Current building standards cannot be transformed without competent professional bureaucrats in place

Dear Editor,

In an SN article of April 6, it was noted that before a building plan is approved by the City Engineer’s Department (CED) of the M&CC, a soils test report has to accompany other building documents for review and approval before construction starts.As a layman I am perplexed as to the relevance of a soils test report per se to the CED in the absence of the accompanying designer’s file giving details on such other vital design parameters as the weight of the structure and the system by which that weight will be safely transmitted and supported by the underlying soil without undue settlement, for which investigation and tests have been carried out. What use is the soil test report to CED unless it could be checked for design compliance?

When a building is designed by an architect/engineer its weight and other parameters have to be determined. Next his calculation or that of his foundation engineer must show how the weight of the structure could be safely and economically supported by the underlying soil whether by wooden piles, caissons, rafts or other methods.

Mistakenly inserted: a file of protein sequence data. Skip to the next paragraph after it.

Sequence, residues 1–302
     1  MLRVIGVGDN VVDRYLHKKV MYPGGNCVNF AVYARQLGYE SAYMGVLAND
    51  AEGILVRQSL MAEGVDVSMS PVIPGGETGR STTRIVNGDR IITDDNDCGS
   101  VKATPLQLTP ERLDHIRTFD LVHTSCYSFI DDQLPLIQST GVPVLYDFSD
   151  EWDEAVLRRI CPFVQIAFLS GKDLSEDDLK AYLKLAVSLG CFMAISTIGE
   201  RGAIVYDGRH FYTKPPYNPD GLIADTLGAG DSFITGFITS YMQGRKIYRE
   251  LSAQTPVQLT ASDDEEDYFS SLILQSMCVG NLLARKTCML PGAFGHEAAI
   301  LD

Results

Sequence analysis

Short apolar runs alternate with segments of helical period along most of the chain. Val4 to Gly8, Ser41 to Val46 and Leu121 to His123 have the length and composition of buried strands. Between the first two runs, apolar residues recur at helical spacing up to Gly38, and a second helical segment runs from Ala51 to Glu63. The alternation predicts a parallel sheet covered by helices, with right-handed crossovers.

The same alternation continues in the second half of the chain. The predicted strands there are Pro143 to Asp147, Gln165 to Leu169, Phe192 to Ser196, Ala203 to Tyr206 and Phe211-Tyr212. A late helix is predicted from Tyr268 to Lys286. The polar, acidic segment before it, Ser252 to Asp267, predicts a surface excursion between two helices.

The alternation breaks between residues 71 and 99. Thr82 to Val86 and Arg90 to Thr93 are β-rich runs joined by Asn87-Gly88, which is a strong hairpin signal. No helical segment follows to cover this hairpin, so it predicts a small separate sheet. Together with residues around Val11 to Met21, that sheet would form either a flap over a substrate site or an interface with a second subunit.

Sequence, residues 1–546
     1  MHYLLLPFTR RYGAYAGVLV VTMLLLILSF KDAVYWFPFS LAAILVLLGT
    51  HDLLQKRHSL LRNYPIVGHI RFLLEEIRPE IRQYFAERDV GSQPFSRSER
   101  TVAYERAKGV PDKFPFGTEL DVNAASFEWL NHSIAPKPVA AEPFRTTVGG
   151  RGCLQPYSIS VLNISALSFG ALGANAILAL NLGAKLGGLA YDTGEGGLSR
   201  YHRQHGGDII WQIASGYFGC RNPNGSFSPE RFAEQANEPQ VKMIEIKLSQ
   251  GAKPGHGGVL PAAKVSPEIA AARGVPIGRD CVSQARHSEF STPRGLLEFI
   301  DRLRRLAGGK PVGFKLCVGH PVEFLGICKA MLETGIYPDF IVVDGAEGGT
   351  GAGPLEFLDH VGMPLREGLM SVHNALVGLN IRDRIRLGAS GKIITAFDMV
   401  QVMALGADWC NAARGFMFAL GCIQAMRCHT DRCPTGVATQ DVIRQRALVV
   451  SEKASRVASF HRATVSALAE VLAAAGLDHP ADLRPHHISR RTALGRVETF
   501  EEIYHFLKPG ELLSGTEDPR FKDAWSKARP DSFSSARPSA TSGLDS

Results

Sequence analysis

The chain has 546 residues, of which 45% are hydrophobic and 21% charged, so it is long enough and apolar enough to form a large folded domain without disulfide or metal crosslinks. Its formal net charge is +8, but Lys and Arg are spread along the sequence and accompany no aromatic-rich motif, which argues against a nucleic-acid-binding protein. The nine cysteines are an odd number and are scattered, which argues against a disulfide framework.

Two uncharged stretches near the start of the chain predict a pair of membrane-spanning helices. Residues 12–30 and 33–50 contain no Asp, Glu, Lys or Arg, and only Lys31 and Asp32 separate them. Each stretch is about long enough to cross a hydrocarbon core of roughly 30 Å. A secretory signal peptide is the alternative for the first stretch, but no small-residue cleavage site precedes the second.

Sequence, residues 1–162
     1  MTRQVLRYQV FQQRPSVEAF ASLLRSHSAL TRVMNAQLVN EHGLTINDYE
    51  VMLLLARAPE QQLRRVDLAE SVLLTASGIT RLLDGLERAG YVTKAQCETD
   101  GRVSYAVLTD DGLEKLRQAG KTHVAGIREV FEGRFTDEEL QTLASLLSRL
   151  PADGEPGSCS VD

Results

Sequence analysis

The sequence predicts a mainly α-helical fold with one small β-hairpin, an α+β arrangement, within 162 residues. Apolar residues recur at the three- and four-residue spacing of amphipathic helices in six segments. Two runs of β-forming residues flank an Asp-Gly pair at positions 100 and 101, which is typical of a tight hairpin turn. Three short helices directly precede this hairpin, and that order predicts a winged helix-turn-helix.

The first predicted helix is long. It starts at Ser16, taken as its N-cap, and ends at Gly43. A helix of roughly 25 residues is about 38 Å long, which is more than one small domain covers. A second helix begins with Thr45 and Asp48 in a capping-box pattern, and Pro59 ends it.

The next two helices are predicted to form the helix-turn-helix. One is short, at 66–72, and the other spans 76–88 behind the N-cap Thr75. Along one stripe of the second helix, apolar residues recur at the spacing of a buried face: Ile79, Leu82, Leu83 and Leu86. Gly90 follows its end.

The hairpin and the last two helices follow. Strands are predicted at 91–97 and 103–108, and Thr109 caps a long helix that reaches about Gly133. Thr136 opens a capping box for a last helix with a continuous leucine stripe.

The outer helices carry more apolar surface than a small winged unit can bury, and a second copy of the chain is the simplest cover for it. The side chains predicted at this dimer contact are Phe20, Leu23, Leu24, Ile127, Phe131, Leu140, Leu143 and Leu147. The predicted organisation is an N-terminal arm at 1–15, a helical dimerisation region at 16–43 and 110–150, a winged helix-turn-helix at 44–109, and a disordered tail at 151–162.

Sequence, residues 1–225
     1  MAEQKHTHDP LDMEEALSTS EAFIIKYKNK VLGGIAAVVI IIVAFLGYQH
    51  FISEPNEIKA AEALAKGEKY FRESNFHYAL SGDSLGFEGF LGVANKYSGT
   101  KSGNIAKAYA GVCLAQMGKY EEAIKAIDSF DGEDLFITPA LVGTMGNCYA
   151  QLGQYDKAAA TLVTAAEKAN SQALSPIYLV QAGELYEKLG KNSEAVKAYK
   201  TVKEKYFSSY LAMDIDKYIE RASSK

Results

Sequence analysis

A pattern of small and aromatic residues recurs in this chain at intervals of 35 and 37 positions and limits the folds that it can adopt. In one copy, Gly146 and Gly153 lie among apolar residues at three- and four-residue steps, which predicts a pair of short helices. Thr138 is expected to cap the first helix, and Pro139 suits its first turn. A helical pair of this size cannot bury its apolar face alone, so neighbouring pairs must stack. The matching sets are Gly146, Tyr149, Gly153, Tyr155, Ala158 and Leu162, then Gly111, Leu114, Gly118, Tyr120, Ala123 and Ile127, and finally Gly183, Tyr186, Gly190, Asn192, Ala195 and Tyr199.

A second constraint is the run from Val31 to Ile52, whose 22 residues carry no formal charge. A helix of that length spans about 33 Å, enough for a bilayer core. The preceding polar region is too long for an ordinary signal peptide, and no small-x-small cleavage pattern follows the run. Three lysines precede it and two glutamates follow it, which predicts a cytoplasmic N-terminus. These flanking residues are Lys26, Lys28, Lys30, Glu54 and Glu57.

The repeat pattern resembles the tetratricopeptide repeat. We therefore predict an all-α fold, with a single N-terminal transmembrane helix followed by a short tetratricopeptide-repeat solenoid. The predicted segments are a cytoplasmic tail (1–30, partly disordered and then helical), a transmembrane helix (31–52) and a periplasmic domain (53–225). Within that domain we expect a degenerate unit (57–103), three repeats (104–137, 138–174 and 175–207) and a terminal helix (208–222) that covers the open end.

There are many other important factors such as wind load and the building’s safety and fire escape which should be reviewed for compliance, but are never considered either by CED or the Ministry of Housing.

In the absence of any legally approved building code/specifications and lack of expertise it would be difficult for CED/Ministry of Housing to enforce building standards of any kind. The existing system cannot be transformed unless a competent and professional group of bureaucrats is established with the skills and authority to standardize, review for compliance and enforce building procedures and practices.

Unfortunately the existing technocrats tend to be under the thumb of politicians and not up to the job when they are not on the take.

Yours faithfully,
Charles Sohan

Around the Web

Comments